There is a column in The Guardian called “Books that made me”. In it, all sorts of questions about books are asked of the author, whom each week is chosen to talk about his or her literary taste and experience.
Whenever I read the title of the column, my mind goes to those books that really dug deep into me; those book that I will never forget, that have shaken me up deeply, that have become part of me.
Despite reading a lot, the books that really made me are few. They all have one thing in common: they were all written by or tell the story of people who had some sort of experience outside of their cultural boundaries.
After finishing them, they remained with me. And by this I don’t only mean that I remember their content well. They got deep down, questioned my assumptions, touched me and made me suffer, taught me things I was not aware of, and made me a more complete person.
I am deeply grateful to each one of the authors that poured passion and time in their writing, generously contributing to a more informed, empathic and human world.
The pianist of Yarmouk, Aeham Ahmad
Aeham Ahmad was born in Yarmouk, a Palestinian refugee camp in Syria. In this moving book, he tells his story from childhood to the moment he fled Syria to seek refuge in Germany. All of his life is very touching: it develops around the struggle his blind father experienced to make Aeham study music and become a famous piano player. It then takes us through the desperation of a besieged area under attack during the Syrian war. With simplicity and immediacy, Aeham manages to communicate the absurdity and inhumanity of what is going on in his country.
Lost in Translation, Eva Hoffman
This is the autobiography of Eva Hoffman, a Polish-born author whose parents decided to flee their country when attacks on the Jewish population were on the rise after WW2. Eva shares her feelings from the moment she is told that she has to say goodbye to her home (she was 13 at the time) to when she finally feels settled in Canada. It is an amazingly delicate account of how devastating being uprooted can be, and of the complexity and fascination that adapting to a different culture brings.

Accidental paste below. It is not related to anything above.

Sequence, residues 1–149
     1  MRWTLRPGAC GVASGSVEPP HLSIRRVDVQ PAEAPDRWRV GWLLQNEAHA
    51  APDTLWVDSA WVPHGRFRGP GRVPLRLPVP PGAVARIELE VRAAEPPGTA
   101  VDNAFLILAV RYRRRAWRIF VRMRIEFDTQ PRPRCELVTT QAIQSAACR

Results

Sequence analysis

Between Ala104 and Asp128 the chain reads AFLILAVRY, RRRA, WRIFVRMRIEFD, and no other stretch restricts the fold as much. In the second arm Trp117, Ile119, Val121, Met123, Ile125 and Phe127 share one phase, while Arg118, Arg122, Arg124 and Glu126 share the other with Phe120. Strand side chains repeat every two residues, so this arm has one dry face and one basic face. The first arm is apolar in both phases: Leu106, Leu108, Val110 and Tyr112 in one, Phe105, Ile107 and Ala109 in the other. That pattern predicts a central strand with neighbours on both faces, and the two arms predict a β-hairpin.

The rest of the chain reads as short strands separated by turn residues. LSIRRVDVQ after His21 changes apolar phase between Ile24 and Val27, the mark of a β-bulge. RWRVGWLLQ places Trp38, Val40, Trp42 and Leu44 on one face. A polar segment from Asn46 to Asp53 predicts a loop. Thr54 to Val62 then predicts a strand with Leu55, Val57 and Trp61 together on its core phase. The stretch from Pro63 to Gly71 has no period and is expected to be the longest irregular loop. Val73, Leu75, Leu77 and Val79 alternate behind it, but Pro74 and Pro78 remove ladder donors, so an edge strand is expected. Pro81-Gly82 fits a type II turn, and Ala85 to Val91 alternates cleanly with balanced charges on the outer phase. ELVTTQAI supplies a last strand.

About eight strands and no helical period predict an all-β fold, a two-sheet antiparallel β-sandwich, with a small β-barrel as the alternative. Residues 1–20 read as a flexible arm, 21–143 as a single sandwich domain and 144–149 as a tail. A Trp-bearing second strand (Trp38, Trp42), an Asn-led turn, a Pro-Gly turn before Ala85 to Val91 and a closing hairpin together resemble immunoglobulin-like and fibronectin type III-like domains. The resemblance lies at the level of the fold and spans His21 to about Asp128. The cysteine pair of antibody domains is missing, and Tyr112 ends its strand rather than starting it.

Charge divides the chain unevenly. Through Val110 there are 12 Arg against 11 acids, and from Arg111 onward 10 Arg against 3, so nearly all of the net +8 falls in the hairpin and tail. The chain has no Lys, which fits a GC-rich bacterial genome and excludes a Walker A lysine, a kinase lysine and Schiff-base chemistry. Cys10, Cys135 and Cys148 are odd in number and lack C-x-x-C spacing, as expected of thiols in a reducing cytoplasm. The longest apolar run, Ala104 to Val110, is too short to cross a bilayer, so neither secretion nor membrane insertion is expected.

Don’t tell me you are afraid, Giuseppe Catozzella
This book will stay with me forever in ways I cannot even describe. Giuseppe Catozzella, an Italian writer, collected the story of Samia Yusuf Omar, a Somali athlete who gave all she could to reach Europe where she was hoping to be properly trained and make her dream of living as an athlete come true. Her story shows what it means to be born on the wrong side of the world, and talks about determination, passion, and humanity.
Mi sa che fuori è primavera (I think that spring has arrived – my translation), Concita De Gregorio
Available only in Italian, this book is a breath of hope and love. In 2011 Italian Irina Lucidi, who had married and then divorced a Swiss man, went through the most unbearable tragedy I can think of: her ex-husband abducted her two 4 year old twin daughters and committed suicide one week after without telling anyone what he had done with the girls – neither of whom was ever found. Irina found the strength to look ahead, created a foundation to help parents of missing children, and has inspired thousands with her story.
Warriors in Eden, Mariano Gagnon
I cannot recommend this book enough. It is an invaluable account of events in the most remote areas of Peru during the years of terror and of the Fujimori government. But first and foremost it shows what love and empathy for different individuals and cultures can do. Mariano Gagnon is a Franciscan friar who was living with the Ashaninka populations of the Peruvian Amazon Forest when Sendero Luminoso, the terrorist movement that shook Peru in the ‘80s, started its brutal attacks on the defenseless population. He helped the Ashaninka groups resist, organised them, and helped them to flee when it became necessary. This book shows that humanity that has no borders. It is thanks to the efforts of people like Padre Mariano and other wonderful human beings that many Ashaninkas managed to save their lives during one of the darkest pages of Peruvian history.
Where the road leads, Jean Calder
Jean Calder was born in Australia and moved to Lebanon in the ‘70s to work as physiotherapist for a project with the Lebanese Red Crescent. She adopted three Palestinian disables refugee children. Her book takes us through her life at the service of the most vulnerable, and tells of the myriad adventures she had to go through for her beautiful, unconventional family. Jean moved to Gaza (where her children came from originally) to continue her work in the Red Cross community. Today she is 83 and still works and lives alongside the most needy. I interviewed Jean when I was living in Palestine – she is one of the most amazing and deeply human people I have ever met.